South Korea expects no issues with Pyongyang games

Cheryl Sanders
April 2, 2017

A statement released by U.S. Treasury Secretary Steven Mnuchin on Friday said the sanctions aim to disrupt networks and methods that fund Pyongyang's nuclear, ballistic missile and proliferation programs.

The Treasury Department said Friday that it blacklisted one North Korean firm and eleven more individuals in accordance with three executive orders. The Trump administration has vowed to take a tougher stance against the regime after years of failed attempts to denuclearize North Korea.

North Korea has launched at least three test missiles in the last month, rattling US allies in the region.

North Korea on Friday urged South Korean political parties, organizations and people from all walks of life to rally against the USA and war via its nominal political party's letter of plea sent to them in an apparent bid to defend its stance on tensions on the Korean Peninsula.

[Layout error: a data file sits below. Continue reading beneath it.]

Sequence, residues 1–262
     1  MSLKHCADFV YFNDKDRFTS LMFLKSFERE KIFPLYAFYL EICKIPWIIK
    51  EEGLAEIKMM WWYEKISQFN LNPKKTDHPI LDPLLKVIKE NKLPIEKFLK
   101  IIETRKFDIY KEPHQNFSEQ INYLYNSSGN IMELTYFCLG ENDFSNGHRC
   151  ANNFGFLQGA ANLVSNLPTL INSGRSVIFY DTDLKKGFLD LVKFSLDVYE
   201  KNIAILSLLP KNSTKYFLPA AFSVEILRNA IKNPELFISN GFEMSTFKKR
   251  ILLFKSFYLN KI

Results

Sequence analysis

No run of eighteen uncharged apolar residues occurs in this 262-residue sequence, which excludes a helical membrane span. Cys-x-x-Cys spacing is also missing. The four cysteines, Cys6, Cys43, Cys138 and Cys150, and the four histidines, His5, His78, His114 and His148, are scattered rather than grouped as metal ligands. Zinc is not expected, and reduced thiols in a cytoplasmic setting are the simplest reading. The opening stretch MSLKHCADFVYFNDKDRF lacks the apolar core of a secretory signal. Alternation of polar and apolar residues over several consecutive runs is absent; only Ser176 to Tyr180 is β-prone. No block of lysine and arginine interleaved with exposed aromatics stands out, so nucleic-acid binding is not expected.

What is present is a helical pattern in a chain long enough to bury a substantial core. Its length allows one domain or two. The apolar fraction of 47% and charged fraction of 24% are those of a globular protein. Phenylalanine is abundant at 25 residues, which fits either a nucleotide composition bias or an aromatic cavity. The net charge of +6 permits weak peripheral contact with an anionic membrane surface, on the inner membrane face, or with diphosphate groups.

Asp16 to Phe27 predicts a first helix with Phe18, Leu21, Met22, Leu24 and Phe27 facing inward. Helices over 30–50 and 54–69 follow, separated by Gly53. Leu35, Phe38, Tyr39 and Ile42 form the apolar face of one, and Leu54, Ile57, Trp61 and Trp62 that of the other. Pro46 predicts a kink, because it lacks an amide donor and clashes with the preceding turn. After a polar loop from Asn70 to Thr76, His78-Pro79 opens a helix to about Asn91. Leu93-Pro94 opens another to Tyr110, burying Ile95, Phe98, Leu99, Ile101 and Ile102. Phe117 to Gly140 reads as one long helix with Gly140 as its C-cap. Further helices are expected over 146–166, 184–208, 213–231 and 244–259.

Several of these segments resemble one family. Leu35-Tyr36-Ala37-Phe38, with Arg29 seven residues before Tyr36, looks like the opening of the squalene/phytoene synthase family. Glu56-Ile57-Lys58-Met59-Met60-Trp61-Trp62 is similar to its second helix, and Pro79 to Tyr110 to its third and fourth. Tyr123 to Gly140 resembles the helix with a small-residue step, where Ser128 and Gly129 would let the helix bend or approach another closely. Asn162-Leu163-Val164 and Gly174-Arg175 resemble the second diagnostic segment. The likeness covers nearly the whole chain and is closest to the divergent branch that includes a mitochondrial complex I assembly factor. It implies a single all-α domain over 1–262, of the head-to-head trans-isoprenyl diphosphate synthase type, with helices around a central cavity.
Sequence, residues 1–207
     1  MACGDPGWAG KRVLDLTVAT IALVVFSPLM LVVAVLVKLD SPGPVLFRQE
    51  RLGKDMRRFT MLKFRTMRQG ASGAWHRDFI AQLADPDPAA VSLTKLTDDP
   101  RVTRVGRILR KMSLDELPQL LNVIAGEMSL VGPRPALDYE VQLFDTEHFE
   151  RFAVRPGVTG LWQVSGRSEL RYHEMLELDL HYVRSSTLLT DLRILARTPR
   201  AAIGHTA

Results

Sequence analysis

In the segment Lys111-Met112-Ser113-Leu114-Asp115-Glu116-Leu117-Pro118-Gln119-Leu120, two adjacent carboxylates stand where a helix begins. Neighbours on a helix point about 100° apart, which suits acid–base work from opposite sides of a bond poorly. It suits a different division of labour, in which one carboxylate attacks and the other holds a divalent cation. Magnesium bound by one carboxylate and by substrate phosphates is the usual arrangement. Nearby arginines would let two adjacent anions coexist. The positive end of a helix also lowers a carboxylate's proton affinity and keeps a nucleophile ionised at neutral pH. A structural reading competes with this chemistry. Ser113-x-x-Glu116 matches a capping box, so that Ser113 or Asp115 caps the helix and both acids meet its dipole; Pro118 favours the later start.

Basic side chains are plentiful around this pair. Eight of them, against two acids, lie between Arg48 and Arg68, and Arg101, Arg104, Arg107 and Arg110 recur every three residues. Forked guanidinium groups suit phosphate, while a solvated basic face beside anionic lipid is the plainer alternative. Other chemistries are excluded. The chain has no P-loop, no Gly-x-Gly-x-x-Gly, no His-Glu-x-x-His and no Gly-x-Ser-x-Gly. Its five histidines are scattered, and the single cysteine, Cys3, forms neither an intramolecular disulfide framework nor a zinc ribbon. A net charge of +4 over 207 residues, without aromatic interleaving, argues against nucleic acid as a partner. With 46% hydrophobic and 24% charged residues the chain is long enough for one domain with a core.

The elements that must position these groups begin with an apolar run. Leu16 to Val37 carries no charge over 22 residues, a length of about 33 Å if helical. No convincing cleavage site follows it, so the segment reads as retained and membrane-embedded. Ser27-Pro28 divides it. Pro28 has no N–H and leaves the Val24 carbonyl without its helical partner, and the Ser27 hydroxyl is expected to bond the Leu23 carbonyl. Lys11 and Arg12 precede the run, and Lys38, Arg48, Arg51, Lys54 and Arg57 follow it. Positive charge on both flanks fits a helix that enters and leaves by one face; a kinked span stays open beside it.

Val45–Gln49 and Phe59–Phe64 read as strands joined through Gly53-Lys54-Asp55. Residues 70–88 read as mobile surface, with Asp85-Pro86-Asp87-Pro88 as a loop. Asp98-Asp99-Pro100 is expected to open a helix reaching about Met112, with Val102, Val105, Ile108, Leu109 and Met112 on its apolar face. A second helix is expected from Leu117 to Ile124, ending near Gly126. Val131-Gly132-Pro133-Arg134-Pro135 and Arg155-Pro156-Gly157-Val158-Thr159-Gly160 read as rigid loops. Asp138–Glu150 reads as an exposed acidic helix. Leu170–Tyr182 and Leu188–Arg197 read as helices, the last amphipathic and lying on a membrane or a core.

One person on the sanctioned list worked as a North Korean government official who was trying to establish a cargo shipping route between North Korea and Vietnam, Treasury said.

Tensions on the peninsula are now high, with South Korea saying last week that the North was ready to carry out a new nuclear test.

Pyongyang has enjoyed a decades-long alliance with Beijing but has been known to carry out provocations in line with Chinese efforts to cooperate with Seoul and Washington.

The North also denounced ongoing military drills involving American hardware and troops in South Korea.

Added to these tensions, April is an important month on the North Korean calendar - the regime celebrates the anniversary of founding president Kim Il Sung's birthday on April 15 - and North Korea has a habit of timing provocative actions with key dates. This comes as the UN Security Council and the worldwide community zero in on the North's coal production, considered the regime's lifeline, as part of sanctions for its nuclear and missile provocations.

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